There can be many challenges when divorcing a spouse who suffers from a mental illness, including those of capacity that may need to be addressed during the divorce process. Here we look at all aspects of the mechanics of divorcing someone who lacks capacity, and discuss the extra challenges of divorcing a partner with a mental illness.
What constitutes mental illness?
Mental illness is a very broad term and encompasses an array of disorders. The following are the most commonly suffered:
- Anxiety and panic attacks
- Bipolar disorder
- Borderline personality disorder
- Dissociative disorders
- Drug & alcohol addiction
- Narcissistic personality disorder
- Paranoid personality disorder
- Post-traumatic stress disorder
Each condition has its own set of unique circumstances, challenges, and considerations.
Can I get divorced if my spouse is mentally ill?
Most people who are suffering from a mental health condition can engage in divorce proceedings, hold down employment, parent their children, and manage their personal affairs. However, if their illness is such that they are seriously unwell and cannot take part in the divorce process, you can still get divorced. The decision as to whether a party can take part in divorce proceedings is made by a medical professional and court after an assessment of capacity.
How is mental capacity assessed?
Mental capacity is assessment by determining whether someone has an impairment of mind, and they cannot make specific decisions when they are required to. The Mental Capacity Act 2005 states that an individual is unable to make a decision if they cannot:
- Understand the information relevant to the decision
- Retain that information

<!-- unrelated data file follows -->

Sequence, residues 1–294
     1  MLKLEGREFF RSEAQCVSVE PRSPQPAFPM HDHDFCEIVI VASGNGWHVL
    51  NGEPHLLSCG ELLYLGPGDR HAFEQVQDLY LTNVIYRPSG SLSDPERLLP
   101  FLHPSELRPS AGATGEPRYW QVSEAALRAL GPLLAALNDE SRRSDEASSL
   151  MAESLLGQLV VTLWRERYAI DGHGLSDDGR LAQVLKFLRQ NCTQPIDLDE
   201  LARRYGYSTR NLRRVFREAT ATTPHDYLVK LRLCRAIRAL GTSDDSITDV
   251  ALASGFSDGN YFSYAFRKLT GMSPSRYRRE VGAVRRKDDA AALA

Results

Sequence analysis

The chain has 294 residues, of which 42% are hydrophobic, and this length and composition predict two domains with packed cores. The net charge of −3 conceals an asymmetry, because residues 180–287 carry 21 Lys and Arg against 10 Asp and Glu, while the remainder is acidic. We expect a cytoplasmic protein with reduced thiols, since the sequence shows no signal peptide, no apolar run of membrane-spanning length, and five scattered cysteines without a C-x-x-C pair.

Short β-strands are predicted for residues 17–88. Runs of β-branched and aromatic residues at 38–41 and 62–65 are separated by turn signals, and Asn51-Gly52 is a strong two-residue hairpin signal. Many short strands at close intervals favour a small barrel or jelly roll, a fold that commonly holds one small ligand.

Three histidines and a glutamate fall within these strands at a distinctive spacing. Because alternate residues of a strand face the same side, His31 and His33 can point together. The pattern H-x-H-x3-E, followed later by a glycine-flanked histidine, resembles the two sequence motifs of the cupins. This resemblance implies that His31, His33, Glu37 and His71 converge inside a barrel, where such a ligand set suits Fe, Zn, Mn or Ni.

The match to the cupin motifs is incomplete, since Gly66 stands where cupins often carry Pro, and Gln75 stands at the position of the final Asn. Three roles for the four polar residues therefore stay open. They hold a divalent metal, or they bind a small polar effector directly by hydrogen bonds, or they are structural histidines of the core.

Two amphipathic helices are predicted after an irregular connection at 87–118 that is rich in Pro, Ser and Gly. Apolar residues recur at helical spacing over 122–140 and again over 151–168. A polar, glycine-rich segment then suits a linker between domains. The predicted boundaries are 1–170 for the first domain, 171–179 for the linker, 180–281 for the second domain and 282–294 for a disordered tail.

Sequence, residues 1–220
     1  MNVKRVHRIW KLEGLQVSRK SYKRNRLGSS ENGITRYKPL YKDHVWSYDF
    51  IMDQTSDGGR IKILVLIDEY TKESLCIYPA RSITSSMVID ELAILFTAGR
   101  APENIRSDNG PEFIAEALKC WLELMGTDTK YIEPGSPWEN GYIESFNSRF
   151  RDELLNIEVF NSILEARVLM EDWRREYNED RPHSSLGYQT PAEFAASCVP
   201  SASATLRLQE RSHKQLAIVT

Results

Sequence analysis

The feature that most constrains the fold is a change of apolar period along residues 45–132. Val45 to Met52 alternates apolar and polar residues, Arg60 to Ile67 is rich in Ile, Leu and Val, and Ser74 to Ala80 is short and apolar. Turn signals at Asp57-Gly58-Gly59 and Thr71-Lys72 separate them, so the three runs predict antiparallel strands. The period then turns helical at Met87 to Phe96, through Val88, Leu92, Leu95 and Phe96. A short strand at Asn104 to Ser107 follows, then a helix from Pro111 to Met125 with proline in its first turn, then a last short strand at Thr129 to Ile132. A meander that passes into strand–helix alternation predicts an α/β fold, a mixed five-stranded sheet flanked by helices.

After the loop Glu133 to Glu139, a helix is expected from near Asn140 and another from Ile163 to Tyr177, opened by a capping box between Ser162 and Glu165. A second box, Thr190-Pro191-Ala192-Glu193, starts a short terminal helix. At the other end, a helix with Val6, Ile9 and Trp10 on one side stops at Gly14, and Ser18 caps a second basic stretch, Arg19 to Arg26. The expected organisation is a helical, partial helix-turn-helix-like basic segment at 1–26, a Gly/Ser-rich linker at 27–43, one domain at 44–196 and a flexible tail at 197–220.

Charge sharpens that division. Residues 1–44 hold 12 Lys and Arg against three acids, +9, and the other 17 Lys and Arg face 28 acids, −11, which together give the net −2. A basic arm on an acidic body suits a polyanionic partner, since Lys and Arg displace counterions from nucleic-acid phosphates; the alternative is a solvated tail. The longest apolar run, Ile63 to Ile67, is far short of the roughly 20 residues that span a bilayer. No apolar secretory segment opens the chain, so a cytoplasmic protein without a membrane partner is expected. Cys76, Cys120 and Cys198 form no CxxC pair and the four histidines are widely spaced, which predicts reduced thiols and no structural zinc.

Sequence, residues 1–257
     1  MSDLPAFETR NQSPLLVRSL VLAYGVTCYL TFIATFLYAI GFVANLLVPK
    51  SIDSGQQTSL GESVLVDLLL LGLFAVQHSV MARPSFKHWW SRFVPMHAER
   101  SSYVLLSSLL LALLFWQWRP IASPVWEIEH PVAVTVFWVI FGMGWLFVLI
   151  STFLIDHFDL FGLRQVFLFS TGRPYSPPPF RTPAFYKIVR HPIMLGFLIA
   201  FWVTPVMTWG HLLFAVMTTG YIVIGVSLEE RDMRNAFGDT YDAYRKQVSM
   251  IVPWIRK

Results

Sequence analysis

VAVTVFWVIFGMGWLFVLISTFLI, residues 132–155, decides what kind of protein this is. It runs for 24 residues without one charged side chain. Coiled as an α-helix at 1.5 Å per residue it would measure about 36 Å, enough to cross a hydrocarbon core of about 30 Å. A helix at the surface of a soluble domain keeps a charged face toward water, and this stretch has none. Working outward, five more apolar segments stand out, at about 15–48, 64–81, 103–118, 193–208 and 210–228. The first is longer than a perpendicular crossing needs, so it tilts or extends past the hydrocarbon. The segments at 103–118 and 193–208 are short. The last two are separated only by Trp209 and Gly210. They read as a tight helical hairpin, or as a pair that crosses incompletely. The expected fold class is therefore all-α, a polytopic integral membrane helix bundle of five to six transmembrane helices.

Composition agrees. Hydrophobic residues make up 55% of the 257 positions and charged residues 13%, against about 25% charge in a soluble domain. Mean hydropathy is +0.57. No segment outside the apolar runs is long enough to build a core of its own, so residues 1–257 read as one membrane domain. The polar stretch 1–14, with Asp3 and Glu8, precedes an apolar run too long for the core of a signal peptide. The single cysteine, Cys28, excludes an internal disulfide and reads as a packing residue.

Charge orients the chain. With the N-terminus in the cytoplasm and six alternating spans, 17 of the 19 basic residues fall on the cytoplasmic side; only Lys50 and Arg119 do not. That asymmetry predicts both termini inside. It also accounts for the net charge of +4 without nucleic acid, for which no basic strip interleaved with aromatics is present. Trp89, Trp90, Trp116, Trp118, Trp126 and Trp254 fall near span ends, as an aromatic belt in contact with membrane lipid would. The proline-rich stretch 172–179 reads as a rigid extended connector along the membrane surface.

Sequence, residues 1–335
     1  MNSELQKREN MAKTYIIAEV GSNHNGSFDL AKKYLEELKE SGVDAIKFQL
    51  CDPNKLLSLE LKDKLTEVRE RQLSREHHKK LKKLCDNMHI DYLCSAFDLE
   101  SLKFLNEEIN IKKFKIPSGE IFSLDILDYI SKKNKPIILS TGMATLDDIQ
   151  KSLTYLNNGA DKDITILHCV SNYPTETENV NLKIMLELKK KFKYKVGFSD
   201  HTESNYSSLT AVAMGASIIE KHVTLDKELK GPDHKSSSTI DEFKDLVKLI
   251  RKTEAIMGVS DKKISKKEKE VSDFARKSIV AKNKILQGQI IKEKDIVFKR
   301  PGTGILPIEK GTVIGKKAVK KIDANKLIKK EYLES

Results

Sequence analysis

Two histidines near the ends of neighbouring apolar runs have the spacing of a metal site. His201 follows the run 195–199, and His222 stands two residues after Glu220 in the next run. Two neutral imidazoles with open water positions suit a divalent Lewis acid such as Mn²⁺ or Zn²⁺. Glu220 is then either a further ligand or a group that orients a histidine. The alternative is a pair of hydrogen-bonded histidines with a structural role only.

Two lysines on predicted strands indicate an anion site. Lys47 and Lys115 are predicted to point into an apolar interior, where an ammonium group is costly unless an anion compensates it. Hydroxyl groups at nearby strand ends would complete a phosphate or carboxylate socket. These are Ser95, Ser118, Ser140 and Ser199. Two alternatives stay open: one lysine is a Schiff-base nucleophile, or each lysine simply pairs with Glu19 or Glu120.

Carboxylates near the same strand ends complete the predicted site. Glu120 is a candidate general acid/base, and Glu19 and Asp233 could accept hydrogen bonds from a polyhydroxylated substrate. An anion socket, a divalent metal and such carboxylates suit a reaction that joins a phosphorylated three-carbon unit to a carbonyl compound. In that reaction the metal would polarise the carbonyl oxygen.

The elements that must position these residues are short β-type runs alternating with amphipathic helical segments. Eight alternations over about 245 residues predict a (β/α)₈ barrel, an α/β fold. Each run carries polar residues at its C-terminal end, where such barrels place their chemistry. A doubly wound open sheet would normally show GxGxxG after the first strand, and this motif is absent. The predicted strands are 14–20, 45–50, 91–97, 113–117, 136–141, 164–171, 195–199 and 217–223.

- Weigh up or use that information as part of the process of making a decision
Can I still get divorced if my spouse lacks mental capacity to deal with it?
The relevant provisions can be found in the Mental Capacity Act. The bar to being considered as lacking mental capacity is extremely high, but you can still obtain a divorce, even where your spouse is unable to agree. In these cases, someone will need to make decisions for your spouse during the divorce. This can be a close friend, family member or someone else who acts as their ‘litigation friend’.
If there is no one suitable who can act as a litigation friend, you can apply to the court to appoint one. The Official Solicitor may agree to represent your spouse where there is no one else who can do this. This is known as a ‘litigation friend of last resort’.
Will the court consider mental illness as a relevant factor when looking at a financial settlement?
The court will look at several factors when determining a financial settlement and these are contained in section 25 of the Matrimonial Causes Act 1973. The extent to which mental illness could potentially affect the overall award will hinge on the crossover between their illness and the other factors within section 25.